A message from El Pomar Foundation:
How does an organization that gives out approximately $20 million in grants each year ensure that the funds are used properly? Grantmakers answer that question in different ways. With recent news reports that include allegations that some of the funds the Foundation allocated to the city of Colorado Springs to retain the United States Olympic Committee headquarters might have been misused, we thought it would be an appropriate time to go into some detail about how the trustees and staff of El Pomar work to safeguard the legacy of Spencer and Julie Penrose.
El Pomar Foundation’s Community Impact Visit (CIV) program allows the trustees to take the final step in a complex grantmaking process: true oversight. All grantees are required to submit a final report, typically no later than one year after receiving a grant from the Foundation. This form details exactly how the funds were used by the organization and is a first step in ensuring that the grant dollars were allocated appropriately and effectively. This is a common practice among grantmakers.
What sets El Pomar apart, however, is the fact that this is merely a jumping off point for the oversight and compliance process. Once final reports are received from organizations receiving grants of $5,000 or more, an even more thorough compliance review process ensues. Each trustee is given the opportunity to review the final report and pose questions. Following this final report review, the organization is scheduled for a CIV, which is a personal, on-site visit with the organization’s leadership to discuss details of the grant.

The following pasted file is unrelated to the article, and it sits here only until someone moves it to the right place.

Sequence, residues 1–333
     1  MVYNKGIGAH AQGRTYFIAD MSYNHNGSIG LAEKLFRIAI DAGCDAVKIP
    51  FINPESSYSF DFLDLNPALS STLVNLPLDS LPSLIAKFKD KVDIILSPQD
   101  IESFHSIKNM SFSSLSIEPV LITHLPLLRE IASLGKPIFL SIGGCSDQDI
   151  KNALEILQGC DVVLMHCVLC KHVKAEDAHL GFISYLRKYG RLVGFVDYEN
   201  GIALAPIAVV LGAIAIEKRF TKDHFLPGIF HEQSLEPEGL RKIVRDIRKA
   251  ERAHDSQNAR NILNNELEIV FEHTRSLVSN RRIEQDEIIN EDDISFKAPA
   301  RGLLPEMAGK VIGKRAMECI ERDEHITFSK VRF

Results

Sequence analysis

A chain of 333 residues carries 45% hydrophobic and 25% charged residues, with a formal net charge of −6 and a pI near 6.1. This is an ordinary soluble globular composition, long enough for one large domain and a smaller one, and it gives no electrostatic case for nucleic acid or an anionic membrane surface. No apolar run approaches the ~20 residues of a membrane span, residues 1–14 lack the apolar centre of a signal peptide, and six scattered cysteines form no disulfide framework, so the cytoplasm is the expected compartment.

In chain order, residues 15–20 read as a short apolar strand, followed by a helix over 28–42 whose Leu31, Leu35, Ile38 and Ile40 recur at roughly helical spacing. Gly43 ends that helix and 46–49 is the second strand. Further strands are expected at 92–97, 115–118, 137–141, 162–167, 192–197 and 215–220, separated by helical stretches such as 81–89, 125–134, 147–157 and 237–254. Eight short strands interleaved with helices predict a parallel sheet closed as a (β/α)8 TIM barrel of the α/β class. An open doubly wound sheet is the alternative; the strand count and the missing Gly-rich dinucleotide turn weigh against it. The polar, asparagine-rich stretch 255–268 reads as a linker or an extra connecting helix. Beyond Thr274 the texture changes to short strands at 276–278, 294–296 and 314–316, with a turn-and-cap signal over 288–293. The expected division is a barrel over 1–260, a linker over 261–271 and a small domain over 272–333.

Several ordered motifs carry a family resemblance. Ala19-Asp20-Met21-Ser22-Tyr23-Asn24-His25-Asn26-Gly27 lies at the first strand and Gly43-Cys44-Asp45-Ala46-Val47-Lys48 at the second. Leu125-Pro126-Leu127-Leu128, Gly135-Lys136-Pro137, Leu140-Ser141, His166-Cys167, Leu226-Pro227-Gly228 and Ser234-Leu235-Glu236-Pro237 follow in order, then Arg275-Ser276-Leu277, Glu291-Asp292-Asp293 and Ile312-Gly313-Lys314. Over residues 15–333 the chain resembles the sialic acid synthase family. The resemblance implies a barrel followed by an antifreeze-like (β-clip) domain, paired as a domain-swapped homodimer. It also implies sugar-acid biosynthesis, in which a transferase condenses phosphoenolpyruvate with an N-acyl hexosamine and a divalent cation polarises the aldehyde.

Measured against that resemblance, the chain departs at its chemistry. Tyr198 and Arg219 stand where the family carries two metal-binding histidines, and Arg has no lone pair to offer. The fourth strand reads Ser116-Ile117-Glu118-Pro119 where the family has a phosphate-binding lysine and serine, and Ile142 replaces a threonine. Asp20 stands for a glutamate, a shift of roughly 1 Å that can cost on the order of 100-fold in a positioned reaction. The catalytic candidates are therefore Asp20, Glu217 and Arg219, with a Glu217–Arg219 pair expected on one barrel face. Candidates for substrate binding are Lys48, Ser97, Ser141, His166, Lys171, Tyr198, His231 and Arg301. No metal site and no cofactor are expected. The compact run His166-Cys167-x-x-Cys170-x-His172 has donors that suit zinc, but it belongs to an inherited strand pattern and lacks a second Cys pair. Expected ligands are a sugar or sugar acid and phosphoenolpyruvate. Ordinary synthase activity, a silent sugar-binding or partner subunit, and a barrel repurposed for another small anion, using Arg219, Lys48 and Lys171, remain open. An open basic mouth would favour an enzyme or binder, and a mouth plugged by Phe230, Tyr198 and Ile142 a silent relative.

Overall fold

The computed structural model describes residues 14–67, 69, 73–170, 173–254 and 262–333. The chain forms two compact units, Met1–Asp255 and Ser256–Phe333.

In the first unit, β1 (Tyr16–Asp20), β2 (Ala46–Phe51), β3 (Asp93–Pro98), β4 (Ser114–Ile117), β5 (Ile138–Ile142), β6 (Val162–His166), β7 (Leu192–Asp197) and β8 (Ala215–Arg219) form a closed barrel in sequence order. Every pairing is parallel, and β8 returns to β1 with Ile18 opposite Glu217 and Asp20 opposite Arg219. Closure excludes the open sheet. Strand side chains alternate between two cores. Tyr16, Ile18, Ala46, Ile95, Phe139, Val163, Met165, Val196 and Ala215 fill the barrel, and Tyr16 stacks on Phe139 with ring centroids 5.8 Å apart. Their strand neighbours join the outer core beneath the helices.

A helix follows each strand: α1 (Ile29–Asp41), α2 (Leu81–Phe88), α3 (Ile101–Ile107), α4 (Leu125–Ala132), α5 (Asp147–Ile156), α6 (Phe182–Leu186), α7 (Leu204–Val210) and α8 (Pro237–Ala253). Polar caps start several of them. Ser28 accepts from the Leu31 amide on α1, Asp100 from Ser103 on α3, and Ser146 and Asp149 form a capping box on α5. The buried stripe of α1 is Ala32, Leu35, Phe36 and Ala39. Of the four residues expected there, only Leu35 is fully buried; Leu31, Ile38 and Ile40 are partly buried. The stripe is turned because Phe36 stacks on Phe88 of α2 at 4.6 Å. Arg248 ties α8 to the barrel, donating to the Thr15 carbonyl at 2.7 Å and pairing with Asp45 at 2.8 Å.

During the compliance visit, at least one member of El Pomar’s leadership team meets to discuss grant particulars and learn even more about how the funds were used. While the ultimate goal is to gauge compliance, it is also an opportunity for El Pomar to learn firsthand about the organization’s structure, successes and challenges. And in most instances, this is also an exciting chance for the grantee and El Pomar staff members to see the impact of the Penrose legacy come to life.
Since 1995, more than 1,970 on-site Community Impact Visits have been conducted in over 200 different locations across Colorado. The compliance program is emblematic of the importance the trustees place on accountability and impact.
Once the visit is complete, the assigned staff member writes a thorough summary that is delivered to the senior executive team and each trustee. In the vast majority of instances the visit confirms that the organization has complied with the terms of the grant. In instances where this is not the case, El Pomar takes steps to understand why and rectify the situation. All grantees sign contracts when receiving funding and know that the binding agreement could result in forfeiture of funds if the grant is not allocated according to the terms of the contract.